"Spelling" errors in Chinese

« previous post | next post »

A smart and generally careful graduate student from China recently handed in an English –> Chinese translation.  In checking over his work, I noticed several mistakes, from which I select here a couple of examples.  Except in two cases, I won't point out the problems with inappropriate word choice and grammar, but will focus on a particular category of error associated with contemporary Chinese writing.

1.

*nǐ yīnggāi xiàn bā shùzì zhuǎnhuà chéng shēngdiào fúhào 你应该线吧数字转化成声调符号 ("you should thread bar transform the numbers into tonal diacritics")

should be

nǐ yīnggāi xiān bǎ shùzì zhuǎnhuàn chéng shēngdiào fúhào 你应该先把数字转换成声调符号 ("you should first convert the numbers into tonal diacritics")

2.

*tèdìng míngcí xūyào dàxiē 特定名词需要大 ("specific noun phrases must be a bit bigger")

should be

zhuānyǒu míngcí xūyào dàxiě 专有名词需要大 ("proper nouns must be capitalized")

It is obvious that, in composing the Chinese text on his computer, the student had the sounds of the words (without even paying much attention to the tones) uppermost in mind rather than the shapes of the characters.  Lest we think that this category of error is strictly due to the modern technology of character entry on electronic devices, the same type of phonological substitution is also quite common in premodern texts, going all the way back to the beginning of the script on the oracle bones.  That is why, when I teach advanced courses in Literary Sinitic, if my students cannot make sense of a passage no matter how hard they try, I encourage them to think of possible homophonic or other types of phonological errors in the text.

Among our Sinological predecessors, the very best in cracking difficult early texts were acutely aware of this type of miswriting.  From reading vast amounts of material and having a keen sense of the sounds of the language at various stages in its evolution, they developed a high level of intuition in surmising what early authors wanted to say, even though they made occasional mistakes in what they wrote.  Of course, our Sinological forefathers were also sensitive to orthographical errors as well, but that's a different kettle of fish than the topic of today's post.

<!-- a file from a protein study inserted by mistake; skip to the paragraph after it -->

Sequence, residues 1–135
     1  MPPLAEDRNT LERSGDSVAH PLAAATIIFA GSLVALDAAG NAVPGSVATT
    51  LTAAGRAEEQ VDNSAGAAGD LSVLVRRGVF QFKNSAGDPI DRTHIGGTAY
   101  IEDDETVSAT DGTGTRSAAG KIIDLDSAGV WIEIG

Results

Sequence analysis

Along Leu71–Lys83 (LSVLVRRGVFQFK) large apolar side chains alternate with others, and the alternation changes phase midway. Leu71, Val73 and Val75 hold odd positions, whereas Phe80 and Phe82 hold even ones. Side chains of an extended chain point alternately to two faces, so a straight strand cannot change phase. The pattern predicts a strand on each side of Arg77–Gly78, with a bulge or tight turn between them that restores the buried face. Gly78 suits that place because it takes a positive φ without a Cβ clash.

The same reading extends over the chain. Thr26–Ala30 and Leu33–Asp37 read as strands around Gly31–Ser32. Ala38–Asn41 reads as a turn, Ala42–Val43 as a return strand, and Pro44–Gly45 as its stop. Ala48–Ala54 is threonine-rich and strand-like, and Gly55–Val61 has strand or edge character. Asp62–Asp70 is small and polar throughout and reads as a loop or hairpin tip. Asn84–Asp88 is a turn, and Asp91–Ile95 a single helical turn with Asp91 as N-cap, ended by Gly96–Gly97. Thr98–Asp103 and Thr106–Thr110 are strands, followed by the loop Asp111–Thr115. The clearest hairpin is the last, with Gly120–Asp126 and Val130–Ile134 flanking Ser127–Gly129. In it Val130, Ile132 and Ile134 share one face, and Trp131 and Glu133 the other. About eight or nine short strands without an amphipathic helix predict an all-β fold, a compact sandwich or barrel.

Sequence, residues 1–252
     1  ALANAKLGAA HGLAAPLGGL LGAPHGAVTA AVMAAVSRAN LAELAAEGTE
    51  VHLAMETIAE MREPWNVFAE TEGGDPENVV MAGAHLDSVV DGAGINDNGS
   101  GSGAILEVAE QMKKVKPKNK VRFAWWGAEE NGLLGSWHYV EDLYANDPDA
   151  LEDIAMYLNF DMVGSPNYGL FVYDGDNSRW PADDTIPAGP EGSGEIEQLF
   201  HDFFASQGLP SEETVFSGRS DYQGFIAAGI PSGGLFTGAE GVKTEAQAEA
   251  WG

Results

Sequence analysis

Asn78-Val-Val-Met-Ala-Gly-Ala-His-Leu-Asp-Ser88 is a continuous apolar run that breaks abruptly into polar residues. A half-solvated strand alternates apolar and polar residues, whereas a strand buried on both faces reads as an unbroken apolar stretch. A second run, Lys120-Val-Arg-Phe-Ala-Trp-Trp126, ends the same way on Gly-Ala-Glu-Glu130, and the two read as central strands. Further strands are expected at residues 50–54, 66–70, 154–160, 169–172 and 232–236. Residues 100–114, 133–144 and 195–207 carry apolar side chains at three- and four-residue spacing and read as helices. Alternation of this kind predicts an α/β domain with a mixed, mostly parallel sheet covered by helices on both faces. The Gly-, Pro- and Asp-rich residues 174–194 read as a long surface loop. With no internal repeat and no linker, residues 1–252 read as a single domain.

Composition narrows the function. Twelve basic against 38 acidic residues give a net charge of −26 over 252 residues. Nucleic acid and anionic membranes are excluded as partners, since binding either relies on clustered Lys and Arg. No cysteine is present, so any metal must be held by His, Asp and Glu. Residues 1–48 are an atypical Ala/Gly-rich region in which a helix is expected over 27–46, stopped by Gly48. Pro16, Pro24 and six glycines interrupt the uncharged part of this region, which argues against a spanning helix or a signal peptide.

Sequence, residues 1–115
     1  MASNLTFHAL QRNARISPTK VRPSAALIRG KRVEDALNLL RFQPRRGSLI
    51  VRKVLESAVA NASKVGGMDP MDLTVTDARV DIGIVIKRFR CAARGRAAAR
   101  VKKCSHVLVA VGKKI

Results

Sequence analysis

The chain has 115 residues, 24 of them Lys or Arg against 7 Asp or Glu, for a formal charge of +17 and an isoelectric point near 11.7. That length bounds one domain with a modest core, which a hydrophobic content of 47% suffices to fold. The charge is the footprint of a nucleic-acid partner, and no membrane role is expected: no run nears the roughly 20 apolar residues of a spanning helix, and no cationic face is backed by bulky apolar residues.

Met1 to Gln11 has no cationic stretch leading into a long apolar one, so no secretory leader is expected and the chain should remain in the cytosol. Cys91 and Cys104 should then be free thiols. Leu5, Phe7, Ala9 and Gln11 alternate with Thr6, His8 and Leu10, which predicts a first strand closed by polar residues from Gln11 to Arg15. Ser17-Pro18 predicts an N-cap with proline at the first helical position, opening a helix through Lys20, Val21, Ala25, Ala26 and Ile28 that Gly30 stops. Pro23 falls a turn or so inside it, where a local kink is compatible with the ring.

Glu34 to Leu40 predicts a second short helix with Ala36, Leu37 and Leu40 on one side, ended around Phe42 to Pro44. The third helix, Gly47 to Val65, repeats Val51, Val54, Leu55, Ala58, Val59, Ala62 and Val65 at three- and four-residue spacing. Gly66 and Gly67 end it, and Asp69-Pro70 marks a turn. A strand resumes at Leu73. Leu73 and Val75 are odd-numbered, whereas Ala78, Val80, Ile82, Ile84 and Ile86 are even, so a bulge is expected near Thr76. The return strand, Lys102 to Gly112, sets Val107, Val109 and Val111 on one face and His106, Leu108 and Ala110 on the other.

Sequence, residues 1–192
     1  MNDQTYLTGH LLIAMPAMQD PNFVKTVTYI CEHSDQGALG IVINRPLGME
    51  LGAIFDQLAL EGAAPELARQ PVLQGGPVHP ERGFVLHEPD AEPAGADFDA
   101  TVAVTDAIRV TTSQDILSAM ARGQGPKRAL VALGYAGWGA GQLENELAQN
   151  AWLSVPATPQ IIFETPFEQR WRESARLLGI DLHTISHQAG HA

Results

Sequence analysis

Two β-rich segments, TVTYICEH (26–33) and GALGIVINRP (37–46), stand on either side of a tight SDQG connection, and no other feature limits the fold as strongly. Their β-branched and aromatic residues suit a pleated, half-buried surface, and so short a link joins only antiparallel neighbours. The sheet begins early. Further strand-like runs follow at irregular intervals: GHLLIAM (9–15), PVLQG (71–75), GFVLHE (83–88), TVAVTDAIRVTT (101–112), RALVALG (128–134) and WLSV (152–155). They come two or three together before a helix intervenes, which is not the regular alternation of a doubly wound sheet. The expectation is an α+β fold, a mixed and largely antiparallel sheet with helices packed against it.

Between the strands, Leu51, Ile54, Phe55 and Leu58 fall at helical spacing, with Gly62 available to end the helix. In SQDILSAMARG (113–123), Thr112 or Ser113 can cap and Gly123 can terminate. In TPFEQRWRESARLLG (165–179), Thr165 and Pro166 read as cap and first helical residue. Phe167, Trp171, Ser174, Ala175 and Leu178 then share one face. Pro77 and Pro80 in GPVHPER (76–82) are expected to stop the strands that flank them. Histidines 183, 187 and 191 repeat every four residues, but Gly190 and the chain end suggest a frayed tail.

17 Comments

  1. languagehat said,

    September 26, 2016 @ 8:34 am

    Maybe I'm missing something obvious, but tèdìng doesn't sound at all like zhuānyǒu.

  2. Rachel said,

    September 26, 2016 @ 9:40 am

    I have a coworker who regularly makes this type of mistake in our IMs at work. I've gotten pretty good at figuring out what the coworker meant to say, but occasionally I have to ask for clarification.

  3. Coby Lubliner said,

    September 26, 2016 @ 9:55 am

    @languagehat: I think what you are pointing at is a mistranslation, not a misspelling. Victor?

  4. languagehat said,

    September 26, 2016 @ 10:13 am

    Cory: That would make sense, but the phrase is bolded as though it's part of what he's talking about ("the student had the sounds of the words … uppermost in mind rather than the shapes of the characters").

  5. Victor Mair said,

    September 26, 2016 @ 10:21 am

    "Except in two cases, I won't point out the problems with inappropriate word choice…."

  6. Neil Kubler said,

    September 26, 2016 @ 10:27 am

    I agree completely that these are misspellings and not mistranslations; xian1 ba3 "first take" was misspelled as xian4 ba0 "thread suggestion/supposition," and da4xie3 "capitalize" was misspelled as da4 xie1 "bigger by a little." I see these sorts of mistakes in emails and text messages (and sometimes documents) by Chinese native speakers (or writers) all the time. In my opinion, they do not bode well for the long-term future of the current Chinese writing system.

  7. Michael Watts said,

    September 26, 2016 @ 3:31 pm

    How much of an error is using 转化 zhuǎnhuà "transform" for 转换 zhuǎnhuàn "transform"? I show an example sentence along the lines of 把科研成果转化为生产力 "convert a research achievement into productivity" in two different dictionaries.

  8. Victor Mair said,

    September 26, 2016 @ 4:23 pm

    zhuǎnhuà 转化 ("transform") and zhuǎnhuàn 转换 ("convert" — as with currencies, weights and measures) do not mean exactly the same thing.

  9. John said,

    September 26, 2016 @ 5:11 pm

    If the student did not catch 线吧 and 大些 when he proofread his work (does anyone do this anymore?) then he may be generally careful but he certainly wasn't careful this time.

    If as Neil Kubler says, "they do not bode well for the long-term future of the current Chinese writing system", then the same could be said about the current English spelling system, where the prevalent view outside universities is that "as long as you are understood, who cares about spelling correctly"?

  10. maidhc said,

    September 26, 2016 @ 5:30 pm

    John: The problem with incorrect spelling is that you may not be understood. One of the purposes of a spelling system is to distinguish among words that are pronounced the same but have different meanings.